7. Their words to the jaylor are remarkable ;: Do thyself no harm, they seasonably step in for preventing of sin. They represent the sin so as it might appear the more hateful; they remove the temptation. Herein they leave us an example: if we would prevent the ruines of others, we must Itep in seasonably. Had they delayed a little longer, the man had been gone past all remedy. If we would discover sin so as to make it appear sinful, we must represent it under these forms which are most likely to engage finners to renounce it. Do thyself no harm. Self-preservation is the prime dictate of nature. For one to destroy himself, is to act cross to the very foundation of reason, which leads to the use of all means that have a tendency to felf-preservation. And then, they remove the teinptation. These who would effectually diffuade finners from fin, must let them see that all the grounds they go upon are mistakes. The man supposed they had been gone, and that he would be punished for them; and to evite this imagina· ry danger, he would have really ruined himself.
Thus finners, to evite imaginary evils, run upon real ones; and to gain imaginary advantages, they
lose the true gain. And therefore ministers or others, in dealing with them, should study to un. deceive them in this matter; Do thyself no harm, for we are all here.
Here some may enquire, how they saw him, when it was now night, and he did not see them? To this I answer, There might be either moonlight, or a candle in the uttermost room, thereby they might see what was done there; but yet he could not see into the remote corners of the innermost prison where they lay in chains.
8. We are to observe the influence that this check, this seasonable advice, that carrried a reproof in its bosom, had upon the man; it cons vinced him, it put him into this trembling hum, ble posture we find him in. Here I might obferve many very considerable trụths. Grace usually be. gins to work, when finners have gone to a height, to an excess of sin. While the man is practising a bloody crime, and had murdered himself in defign, then grace chooses to lay hold on him. When Saul was grown mad in his persecution, carrying it even to a foreign country, grace takes the opportunity. It doth not bespeak sinners in their lucid intervals; but, to thew its power, it reaches them when at their worst. Again, how mighty a change can a word work, when the fpirit of God concurs ? He whom the earthquake did not deter from finning, is overcome with a word: A word makes him that put their feet in the stocks, fall down at their feet. One word opens the man's eyes to see what he never saw before, it fills his heart with concern about salvation, a thing he had not minded before; and the fears of that wrath that he little thought of, when he was just going to throw himself fearlesly in its hands by K 4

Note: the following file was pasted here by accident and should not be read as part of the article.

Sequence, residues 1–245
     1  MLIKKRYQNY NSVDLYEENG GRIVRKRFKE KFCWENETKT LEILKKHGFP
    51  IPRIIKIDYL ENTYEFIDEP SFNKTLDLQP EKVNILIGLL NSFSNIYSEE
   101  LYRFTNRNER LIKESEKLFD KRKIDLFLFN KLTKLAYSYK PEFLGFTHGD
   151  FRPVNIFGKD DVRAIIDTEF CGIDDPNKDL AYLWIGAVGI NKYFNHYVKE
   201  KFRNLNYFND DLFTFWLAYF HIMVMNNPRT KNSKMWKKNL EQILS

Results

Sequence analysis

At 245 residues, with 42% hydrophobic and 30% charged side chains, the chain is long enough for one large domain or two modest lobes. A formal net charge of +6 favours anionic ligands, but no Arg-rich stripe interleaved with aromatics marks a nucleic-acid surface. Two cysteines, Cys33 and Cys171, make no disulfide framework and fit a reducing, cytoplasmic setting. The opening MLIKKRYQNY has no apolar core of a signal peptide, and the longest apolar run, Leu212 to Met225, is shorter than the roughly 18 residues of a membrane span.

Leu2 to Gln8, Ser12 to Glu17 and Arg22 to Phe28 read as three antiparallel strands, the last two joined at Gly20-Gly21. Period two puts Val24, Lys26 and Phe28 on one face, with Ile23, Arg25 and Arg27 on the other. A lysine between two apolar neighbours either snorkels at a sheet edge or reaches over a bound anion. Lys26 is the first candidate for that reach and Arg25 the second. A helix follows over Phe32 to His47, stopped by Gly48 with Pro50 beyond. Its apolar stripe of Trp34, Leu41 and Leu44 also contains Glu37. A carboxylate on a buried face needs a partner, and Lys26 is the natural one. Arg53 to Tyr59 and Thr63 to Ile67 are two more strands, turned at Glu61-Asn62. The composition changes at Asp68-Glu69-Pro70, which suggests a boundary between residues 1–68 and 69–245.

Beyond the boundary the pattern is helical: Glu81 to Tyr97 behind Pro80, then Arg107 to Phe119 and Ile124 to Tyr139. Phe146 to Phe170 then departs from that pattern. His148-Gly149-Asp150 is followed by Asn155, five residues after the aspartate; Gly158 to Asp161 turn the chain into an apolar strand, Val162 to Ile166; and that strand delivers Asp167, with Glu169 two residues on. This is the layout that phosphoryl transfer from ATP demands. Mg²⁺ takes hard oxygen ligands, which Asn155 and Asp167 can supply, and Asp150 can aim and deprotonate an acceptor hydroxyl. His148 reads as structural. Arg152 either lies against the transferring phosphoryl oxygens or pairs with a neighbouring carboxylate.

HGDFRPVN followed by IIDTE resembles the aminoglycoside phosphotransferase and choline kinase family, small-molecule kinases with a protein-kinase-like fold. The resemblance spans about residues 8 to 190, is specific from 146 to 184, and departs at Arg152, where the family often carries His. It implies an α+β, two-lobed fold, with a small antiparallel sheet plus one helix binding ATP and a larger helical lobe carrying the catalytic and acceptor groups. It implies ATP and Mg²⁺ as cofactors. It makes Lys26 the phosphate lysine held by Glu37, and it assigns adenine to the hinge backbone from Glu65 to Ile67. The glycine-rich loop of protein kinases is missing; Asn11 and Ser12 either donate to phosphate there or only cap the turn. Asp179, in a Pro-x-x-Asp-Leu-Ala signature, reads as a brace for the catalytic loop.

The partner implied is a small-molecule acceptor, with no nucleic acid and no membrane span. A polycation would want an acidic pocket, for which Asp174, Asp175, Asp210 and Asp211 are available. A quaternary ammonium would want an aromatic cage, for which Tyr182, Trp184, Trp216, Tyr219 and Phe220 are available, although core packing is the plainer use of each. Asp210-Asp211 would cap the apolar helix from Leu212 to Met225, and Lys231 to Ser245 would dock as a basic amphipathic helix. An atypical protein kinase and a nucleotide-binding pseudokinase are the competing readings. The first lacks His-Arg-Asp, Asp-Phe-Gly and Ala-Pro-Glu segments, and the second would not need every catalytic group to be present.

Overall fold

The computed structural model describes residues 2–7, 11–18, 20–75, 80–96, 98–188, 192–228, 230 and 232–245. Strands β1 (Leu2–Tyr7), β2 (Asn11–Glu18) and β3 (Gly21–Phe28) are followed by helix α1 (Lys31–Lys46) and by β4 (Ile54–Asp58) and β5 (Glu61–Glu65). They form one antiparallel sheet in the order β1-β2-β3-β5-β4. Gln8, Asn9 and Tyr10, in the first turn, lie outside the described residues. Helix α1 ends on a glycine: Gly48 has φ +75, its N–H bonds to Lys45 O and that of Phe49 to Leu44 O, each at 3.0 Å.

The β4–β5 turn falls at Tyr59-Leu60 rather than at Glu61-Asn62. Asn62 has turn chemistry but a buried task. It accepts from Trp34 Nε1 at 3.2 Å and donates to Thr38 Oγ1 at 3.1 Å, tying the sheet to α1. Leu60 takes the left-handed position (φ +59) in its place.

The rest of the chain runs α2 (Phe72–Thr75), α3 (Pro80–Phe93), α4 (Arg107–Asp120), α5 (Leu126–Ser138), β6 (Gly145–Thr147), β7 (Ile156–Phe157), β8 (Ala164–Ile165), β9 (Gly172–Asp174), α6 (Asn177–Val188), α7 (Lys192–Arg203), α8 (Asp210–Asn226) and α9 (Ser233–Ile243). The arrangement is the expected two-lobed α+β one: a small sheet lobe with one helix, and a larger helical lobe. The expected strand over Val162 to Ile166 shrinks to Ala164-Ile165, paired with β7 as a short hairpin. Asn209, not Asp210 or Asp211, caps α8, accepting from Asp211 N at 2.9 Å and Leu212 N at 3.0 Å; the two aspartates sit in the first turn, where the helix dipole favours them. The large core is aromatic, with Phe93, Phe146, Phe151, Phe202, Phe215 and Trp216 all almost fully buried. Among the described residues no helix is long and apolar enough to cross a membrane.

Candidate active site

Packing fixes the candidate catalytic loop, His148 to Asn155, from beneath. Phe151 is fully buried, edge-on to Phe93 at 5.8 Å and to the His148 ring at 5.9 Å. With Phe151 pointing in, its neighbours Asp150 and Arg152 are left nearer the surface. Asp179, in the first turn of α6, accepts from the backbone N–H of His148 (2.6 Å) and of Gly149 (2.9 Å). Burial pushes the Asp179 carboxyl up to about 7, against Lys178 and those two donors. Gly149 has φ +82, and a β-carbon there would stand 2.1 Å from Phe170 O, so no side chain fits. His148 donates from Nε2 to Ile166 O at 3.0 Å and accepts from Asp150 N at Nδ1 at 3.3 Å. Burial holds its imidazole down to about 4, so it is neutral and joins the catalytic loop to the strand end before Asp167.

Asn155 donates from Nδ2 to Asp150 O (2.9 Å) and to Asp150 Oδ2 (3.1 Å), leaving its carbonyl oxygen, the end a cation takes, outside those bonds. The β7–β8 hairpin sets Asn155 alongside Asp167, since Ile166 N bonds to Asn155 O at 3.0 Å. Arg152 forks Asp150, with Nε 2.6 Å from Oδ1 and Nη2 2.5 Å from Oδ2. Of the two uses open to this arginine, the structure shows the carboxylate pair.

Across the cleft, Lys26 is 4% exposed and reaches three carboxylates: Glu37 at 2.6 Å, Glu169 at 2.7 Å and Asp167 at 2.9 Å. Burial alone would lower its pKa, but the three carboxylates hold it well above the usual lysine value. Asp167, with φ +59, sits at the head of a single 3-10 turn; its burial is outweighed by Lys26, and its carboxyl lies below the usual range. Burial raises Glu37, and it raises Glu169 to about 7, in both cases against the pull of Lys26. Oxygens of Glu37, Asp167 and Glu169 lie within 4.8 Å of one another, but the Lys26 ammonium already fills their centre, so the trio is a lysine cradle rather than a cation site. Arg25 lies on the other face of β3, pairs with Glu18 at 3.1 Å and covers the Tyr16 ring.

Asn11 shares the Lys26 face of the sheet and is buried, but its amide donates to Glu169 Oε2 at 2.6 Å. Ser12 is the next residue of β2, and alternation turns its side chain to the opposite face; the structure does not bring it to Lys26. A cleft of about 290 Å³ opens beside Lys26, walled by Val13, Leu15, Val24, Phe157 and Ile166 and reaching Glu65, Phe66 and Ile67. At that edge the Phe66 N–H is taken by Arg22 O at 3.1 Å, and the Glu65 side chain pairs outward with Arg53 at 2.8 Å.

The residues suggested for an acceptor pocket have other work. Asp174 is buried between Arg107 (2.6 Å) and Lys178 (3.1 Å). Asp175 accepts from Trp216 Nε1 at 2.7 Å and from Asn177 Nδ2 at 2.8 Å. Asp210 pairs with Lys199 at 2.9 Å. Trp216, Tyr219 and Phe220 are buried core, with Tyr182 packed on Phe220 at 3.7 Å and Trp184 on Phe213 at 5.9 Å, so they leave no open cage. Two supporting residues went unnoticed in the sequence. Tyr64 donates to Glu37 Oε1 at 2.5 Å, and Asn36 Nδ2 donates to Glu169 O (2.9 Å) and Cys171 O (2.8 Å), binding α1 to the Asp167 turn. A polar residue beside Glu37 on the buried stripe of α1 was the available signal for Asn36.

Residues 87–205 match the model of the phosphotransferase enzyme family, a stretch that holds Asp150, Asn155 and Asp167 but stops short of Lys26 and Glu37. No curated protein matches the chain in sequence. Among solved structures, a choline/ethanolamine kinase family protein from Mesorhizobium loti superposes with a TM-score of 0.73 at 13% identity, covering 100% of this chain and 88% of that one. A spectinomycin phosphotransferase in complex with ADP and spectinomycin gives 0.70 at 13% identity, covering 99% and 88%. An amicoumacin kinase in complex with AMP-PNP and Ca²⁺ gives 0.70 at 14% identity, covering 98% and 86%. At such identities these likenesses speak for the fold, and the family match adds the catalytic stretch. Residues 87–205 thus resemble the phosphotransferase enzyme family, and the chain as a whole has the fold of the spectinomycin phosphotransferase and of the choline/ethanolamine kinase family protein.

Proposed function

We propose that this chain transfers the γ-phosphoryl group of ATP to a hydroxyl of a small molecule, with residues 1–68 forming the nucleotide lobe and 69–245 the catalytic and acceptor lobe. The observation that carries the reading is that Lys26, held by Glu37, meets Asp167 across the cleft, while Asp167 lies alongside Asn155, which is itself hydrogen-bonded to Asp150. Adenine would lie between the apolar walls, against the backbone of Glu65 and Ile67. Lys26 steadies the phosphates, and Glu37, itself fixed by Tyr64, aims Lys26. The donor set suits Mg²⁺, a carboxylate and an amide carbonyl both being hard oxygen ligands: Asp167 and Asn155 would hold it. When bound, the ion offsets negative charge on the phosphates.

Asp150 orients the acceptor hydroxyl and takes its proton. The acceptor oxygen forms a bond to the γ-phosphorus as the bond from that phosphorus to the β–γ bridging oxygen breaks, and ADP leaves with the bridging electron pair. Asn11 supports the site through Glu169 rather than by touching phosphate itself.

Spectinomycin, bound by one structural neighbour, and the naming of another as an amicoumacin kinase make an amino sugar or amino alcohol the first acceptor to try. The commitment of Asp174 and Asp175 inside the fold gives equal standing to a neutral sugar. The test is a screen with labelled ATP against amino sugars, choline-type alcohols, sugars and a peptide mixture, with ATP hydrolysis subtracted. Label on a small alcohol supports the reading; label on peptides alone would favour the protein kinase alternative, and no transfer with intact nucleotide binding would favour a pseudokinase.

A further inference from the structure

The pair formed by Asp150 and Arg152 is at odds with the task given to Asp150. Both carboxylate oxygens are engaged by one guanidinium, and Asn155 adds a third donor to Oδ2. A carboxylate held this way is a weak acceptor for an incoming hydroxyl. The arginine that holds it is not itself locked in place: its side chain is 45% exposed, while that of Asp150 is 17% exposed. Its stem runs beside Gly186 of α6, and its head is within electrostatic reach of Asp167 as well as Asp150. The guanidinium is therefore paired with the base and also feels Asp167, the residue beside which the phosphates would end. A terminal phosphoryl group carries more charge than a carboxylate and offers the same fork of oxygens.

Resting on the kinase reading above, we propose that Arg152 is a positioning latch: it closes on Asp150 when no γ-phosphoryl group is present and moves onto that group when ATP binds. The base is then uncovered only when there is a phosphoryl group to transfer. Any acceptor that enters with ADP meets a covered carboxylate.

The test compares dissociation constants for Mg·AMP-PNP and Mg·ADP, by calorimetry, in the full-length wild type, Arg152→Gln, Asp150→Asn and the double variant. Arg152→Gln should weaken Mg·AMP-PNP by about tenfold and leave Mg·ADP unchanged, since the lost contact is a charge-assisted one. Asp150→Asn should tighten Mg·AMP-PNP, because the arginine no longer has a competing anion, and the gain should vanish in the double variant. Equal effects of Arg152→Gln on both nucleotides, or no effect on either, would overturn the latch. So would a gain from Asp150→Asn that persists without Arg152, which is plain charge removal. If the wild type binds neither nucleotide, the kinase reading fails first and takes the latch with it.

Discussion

felt: felf-murder, now make him tremble, and fall down, and cry out, What must I do to be saved? It makes himn pay reverence to them to whom he paid none before. He calls them Sirs, a term of honour and respect. A great change indeed! Here are a multitude of wonders. The terrors of God make a stout heart to shake. An unconcerned persecutor lays salvation to heart: and much concern in the heart discovers itself by its effects; it breaks out in the trembling of the body, and the anxious question in the text.. : 9. Here it is worth our while to enquire ; What he was convinced of?. That the man is convinced of danger is plain ; that it was not the danger of being punished for letting away the prisoners, is no less plain; he was now eased of any fears he had of this sort. In one word, he was convinced of his sin and misery. This is plain from the apostles direction. It were blaspheiny to think that they mistook his case: and the event puts it beyond all doubt, that they were not mistaken; for the cure is no sooner applied than it takes effect. The direction quiered the man's mind; and this makes it plain, that it was sin and misery that was now in his view; it was the curse of the law that was pursuing him. We need not spend time in enquiring what sins he was convinced of. That the fin of self-inurder was the first, seems probable from what has been already difcoursed. When the candle of the Lord fills the bosom of a finner with light, the first sin that is seen is usually some great fin, and for most part the sin that was last committed. This sin was just now committed ; and a monstrous one it was: but though this might be the first, we have no reason to think that it was this only; nay, we